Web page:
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Infectious mononucleosis, caused by the Epstein-Barr virus (EBV), generally follows a benign, yet protracted course, with the majority of symptoms being systemic somatic symptoms. Rarely, the clinical picture can be complicated by more acute severe haemotological sequelae of the disease, requiring hospitalisation and causing diagnostic uncertainty, particularly when distinguishing between a viral illness and a lymphoproliferative disorder. We describe the case of a young male patient who presented with headache, recurrent epistaxis and severe thrombocytopenia.
Epstein-Barr virus (EBV), or human herpesvirus 4 (HHV-4), is the virus most commonly associated with classic infectious mononucleosis (a mononucleosis-like syndrome can also be caused by cytomegalovirus (CMV)). It is also an oncogenic virus, and is associated with malignancies such as Burkitt's lymphoma and nasopharyngeal carcinoma.1
In the majority of cases, the disease is characterised by minor symptoms such as fatigue, fever, lymphadenopathy and sore throat lasting from weeks to months in some patients. In a small number of individuals, however, a variety of moderate to severe haematological, neurological, hepatic, respiratory and psychological complications can arise.2 The diagnosis is often made clinically, together with a positive rapid heterophile antibody test (monospot); although immunofluorescence assays of the IgM and IgG antibodies against the viral capsid antigen (VCA) of EBV or amplification of EBV DNA via quantitative real-time PCR (qPCR) are useful if the clinical picture is uncertain.1
A 27-year-old Caucasian man presented with a severe generalised headache, photophobia, diplopia and four episodes of epistaxis over the previous week. He had also been suffering from fever and drenching night sweats. He had recently returned from Spain where he claimed to have fallen from a first floor balcony and hit his head. On examination, he appeared pale and clammy, had a fever of 39°C and a heart rate of 112 bpm. He had multiple palpable lymph nodes in both submandibular regions along with bilateral inguinal lymphadenopathy but there was no evidence of rashes or purpura. Cardiovascular, abdominal and neurological examinations were unremarkable.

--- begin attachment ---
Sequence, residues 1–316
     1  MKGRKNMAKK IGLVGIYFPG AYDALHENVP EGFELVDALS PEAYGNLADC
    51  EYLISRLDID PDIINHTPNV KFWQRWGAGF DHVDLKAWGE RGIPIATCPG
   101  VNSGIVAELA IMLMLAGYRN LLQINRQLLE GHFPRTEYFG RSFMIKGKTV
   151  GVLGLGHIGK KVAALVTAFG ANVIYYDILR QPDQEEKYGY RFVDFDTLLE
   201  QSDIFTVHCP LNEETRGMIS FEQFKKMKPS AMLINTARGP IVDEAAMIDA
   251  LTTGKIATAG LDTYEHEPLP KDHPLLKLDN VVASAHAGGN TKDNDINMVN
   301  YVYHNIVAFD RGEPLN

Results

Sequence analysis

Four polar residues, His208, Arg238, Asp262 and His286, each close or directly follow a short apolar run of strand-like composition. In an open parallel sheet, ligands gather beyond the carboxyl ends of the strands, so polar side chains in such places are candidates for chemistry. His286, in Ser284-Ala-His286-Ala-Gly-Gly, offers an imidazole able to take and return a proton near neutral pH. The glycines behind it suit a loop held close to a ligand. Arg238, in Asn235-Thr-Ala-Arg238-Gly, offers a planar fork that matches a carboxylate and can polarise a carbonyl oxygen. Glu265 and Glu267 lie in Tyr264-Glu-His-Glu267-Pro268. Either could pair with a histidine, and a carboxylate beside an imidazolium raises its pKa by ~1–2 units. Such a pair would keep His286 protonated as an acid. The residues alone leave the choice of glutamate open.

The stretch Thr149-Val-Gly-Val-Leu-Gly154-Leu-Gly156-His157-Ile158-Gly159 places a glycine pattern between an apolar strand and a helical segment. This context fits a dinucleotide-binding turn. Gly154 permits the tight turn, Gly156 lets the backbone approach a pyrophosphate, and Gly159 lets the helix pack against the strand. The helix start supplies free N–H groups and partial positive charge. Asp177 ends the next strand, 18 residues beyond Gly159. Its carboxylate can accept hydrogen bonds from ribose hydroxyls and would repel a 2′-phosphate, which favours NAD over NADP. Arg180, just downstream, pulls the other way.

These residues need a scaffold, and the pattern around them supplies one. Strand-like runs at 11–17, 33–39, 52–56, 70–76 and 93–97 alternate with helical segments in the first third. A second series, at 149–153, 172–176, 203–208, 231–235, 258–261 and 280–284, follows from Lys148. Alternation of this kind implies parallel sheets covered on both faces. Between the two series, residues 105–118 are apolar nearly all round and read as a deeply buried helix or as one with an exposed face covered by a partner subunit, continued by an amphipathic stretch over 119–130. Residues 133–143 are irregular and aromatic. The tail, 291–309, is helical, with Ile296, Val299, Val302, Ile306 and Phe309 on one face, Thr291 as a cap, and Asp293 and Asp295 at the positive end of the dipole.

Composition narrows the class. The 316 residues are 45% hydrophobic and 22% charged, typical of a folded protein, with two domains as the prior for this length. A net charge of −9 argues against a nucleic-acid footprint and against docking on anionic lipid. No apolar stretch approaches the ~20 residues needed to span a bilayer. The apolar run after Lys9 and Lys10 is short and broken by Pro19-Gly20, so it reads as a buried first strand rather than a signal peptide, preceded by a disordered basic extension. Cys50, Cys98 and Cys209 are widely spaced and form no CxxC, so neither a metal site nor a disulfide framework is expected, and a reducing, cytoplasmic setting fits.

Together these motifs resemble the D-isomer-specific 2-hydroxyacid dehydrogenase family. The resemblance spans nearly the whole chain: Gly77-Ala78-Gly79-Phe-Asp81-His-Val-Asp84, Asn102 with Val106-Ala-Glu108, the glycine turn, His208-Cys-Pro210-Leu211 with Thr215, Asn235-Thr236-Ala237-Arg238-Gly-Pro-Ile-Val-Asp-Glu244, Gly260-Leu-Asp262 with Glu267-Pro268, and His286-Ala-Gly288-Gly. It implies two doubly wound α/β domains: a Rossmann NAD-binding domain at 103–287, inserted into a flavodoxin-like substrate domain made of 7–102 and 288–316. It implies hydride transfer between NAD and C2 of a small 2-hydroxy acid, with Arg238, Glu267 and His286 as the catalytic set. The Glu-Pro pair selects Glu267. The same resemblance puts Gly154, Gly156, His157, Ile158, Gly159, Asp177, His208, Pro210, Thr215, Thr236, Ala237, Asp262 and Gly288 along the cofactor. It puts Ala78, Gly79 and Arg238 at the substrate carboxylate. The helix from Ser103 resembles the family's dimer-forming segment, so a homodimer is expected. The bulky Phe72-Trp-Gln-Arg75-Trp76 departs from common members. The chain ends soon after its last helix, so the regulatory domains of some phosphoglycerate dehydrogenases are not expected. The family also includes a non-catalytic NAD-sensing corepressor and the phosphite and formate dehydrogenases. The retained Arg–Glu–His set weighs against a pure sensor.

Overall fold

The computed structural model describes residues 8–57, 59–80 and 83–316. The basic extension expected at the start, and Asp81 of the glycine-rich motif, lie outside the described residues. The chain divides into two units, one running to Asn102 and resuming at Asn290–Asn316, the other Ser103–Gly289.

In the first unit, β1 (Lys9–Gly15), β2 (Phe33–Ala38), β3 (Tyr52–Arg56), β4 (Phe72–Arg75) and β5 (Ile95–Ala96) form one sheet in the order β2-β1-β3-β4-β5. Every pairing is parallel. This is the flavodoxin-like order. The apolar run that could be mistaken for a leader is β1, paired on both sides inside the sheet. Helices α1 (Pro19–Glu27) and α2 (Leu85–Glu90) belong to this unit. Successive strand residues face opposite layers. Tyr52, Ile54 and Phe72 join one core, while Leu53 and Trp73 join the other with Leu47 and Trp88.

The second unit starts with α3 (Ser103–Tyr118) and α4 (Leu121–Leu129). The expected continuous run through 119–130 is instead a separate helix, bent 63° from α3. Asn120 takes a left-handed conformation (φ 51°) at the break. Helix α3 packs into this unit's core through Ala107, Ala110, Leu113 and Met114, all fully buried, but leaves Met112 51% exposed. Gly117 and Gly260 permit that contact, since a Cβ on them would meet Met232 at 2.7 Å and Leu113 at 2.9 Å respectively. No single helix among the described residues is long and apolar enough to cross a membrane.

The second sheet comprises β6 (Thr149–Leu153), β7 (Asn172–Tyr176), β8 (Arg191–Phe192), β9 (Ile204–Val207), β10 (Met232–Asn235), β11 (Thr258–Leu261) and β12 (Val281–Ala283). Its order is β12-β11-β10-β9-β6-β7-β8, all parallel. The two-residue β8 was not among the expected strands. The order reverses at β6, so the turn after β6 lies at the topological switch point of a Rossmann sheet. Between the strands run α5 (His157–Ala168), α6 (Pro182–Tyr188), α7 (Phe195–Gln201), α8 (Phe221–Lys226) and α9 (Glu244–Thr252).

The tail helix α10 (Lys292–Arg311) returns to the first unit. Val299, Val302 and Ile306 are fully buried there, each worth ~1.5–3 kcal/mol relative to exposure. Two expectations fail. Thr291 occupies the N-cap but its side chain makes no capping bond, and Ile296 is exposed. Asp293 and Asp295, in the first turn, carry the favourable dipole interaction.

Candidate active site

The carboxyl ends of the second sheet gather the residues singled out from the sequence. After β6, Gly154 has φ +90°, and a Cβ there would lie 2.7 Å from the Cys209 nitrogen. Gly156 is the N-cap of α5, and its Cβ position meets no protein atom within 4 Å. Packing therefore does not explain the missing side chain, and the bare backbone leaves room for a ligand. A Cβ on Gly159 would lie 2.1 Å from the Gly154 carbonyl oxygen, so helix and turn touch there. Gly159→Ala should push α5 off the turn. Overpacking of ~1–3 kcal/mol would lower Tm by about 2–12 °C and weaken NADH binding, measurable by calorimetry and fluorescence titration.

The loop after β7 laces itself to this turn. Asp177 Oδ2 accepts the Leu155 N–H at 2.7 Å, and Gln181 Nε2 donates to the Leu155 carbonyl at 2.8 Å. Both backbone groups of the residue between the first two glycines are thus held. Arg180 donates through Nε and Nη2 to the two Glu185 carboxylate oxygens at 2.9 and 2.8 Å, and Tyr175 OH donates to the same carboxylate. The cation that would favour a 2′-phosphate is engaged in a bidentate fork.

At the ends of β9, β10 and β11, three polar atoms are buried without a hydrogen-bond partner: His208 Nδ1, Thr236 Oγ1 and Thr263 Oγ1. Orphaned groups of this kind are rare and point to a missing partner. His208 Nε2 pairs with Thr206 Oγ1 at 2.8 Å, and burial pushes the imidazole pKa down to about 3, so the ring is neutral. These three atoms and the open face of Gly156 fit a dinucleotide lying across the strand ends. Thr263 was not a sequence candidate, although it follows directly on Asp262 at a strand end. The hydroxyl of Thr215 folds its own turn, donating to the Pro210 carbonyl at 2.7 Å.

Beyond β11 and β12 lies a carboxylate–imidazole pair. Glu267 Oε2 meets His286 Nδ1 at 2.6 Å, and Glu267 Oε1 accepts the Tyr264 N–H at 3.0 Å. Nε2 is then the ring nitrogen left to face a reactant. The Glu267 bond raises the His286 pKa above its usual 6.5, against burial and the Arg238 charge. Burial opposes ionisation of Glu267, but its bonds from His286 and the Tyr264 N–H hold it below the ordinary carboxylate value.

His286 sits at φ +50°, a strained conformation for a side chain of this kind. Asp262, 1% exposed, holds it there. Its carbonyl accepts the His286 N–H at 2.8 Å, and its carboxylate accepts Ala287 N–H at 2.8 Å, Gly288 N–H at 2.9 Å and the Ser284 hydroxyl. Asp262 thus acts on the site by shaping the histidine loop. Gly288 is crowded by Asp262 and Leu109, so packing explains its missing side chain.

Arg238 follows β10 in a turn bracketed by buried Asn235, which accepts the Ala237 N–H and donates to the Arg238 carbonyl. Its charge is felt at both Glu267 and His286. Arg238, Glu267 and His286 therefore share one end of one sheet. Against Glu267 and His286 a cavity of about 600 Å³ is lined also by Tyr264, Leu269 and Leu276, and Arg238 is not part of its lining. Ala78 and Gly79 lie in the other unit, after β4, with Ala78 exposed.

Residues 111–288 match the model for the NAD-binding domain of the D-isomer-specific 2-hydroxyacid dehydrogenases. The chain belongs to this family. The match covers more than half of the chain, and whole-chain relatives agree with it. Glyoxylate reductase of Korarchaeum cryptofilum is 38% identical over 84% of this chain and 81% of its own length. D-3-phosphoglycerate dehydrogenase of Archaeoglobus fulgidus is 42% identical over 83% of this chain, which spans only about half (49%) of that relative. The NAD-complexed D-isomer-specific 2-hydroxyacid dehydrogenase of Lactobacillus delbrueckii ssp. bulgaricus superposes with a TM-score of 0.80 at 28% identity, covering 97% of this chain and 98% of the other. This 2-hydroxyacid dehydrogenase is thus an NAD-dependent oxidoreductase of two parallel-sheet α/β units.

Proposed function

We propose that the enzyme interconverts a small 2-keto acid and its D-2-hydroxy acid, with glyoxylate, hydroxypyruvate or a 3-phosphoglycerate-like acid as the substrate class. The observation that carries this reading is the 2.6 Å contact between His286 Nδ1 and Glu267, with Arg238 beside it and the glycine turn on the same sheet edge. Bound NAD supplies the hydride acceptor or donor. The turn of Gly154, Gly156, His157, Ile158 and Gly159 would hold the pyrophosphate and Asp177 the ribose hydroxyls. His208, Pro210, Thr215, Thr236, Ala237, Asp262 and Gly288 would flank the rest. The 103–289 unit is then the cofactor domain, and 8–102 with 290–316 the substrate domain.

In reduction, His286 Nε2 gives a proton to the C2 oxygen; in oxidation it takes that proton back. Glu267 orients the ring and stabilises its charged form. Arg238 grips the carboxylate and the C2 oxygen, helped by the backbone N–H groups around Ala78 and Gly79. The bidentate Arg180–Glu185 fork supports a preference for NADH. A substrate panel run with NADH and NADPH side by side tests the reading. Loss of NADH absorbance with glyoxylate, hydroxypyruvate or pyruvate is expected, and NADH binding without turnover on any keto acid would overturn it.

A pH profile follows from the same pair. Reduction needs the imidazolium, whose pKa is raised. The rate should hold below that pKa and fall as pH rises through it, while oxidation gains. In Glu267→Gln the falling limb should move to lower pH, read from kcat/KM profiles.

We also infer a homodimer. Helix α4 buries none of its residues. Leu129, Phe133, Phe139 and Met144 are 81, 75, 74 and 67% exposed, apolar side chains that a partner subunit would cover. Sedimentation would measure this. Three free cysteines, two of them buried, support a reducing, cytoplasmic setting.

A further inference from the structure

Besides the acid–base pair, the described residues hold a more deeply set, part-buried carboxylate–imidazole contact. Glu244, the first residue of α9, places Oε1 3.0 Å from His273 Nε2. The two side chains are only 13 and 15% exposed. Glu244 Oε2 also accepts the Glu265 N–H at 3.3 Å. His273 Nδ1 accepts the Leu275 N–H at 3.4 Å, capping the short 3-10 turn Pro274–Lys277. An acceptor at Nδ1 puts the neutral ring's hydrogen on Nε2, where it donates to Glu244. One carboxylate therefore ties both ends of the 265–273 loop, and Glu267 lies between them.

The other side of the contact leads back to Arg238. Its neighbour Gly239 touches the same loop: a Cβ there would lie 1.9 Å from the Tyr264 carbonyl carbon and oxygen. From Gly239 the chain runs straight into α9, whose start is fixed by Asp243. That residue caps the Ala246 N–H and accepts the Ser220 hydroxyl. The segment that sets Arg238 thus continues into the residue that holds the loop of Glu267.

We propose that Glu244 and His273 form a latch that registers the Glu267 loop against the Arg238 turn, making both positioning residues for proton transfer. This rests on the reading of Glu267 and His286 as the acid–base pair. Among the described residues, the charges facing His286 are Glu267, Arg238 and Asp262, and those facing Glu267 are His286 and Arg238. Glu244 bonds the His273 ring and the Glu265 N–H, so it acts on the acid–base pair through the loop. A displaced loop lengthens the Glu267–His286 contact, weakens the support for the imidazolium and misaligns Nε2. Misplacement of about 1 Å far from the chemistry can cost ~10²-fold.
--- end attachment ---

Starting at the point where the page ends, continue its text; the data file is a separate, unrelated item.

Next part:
His initial laboratory investigations were as follows: haemoglobin 160 g/L, white cell count (WCC) 5.5×109/L (neutrophils 1.8×109/L, lymphocytes 2.6×109/L with atypical lymphocytes—likely lymphoid blasts) and platelets 56×109/L. Prothrombin time was 14 s and activated partial thromboplastin time 61.6 s. Serology for EBV (VCA IgM), CMV, herpes simplex virus, varicella-zoster virus and HIV were negative. His renal and liver function tests were initially normal, although ferritin was markedly raised at 19 500 ng/mL and lactate dehydrogenase was 912 U/L. He underwent urgent head CT to rule out intracerebral haemorrhage, but this was unremarkable and lumbar puncture (LP) had to be postponed due to his low platelet count, which dropped to 23×109/L soon after admission (haemoglobin at this point remained steady at 161 g/L, WCC 5.2×109/L). He was started on empirical treatment for meningoencephalitis with intravenous cefuroxime and acyclovir.
The patient continued to spike fevers of 39–40°C and his liver function became moderately deranged, with an alanine transaminase of 400 U/L and alkaline phosphatase of 214 U/L. After receiving a platelet transfusion, an LP was performed (bringing his platelet count to 105×109/L), which showed normal glucose, lactate and protein with no evidence of xanthochromia. Cerebrospinal fluid white and red cell counts were 0.4×106/L and 0.2×106/L, respectively. By now, his neutrophil count had dropped to 1×109/L (lymphocytes 3.1×109/L) and C reactive protein (CRP) was 216 mg/L, therefore he was started on piperacillin and tazobactam to cover for neutropenic sepsis.
At this point, a lymphoproliferative disorder was high on the list of primary differential diagnoses, and an ultrasound of the cervical lymph nodes was performed, showing multiple enlarged nodes with loss of the central fatty hilum and no internal vasculature, in keeping with a diagnosis of lymphoma. The patient subsequently underwent submandibular lymph node biopsy. His symptoms and laboratory results had improved sufficiently around this time (WCC 6.5×109/L, neutrophils 2.5×109/L, lymphocytes 3.2×109/L, platelets 311×109/L) for him to be discharged with a plan to follow him up in the haematology clinic with the histopathology results.